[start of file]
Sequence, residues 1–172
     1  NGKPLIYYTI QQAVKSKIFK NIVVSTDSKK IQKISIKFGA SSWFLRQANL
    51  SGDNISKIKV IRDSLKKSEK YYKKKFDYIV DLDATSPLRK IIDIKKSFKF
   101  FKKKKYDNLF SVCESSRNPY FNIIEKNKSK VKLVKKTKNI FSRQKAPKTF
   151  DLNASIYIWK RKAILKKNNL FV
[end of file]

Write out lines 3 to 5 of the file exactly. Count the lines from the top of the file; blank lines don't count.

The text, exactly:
    51  SGDNISKIKV IRDSLKKSEK YYKKKFDYIV DLDATSPLRK IIDIKKSFKF
   101  FKKKKYDNLF SVCESSRNPY FNIIEKNKSK VKLVKKTKNI FSRQKAPKTF
   151  DLNASIYIWK RKAILKKNNL FV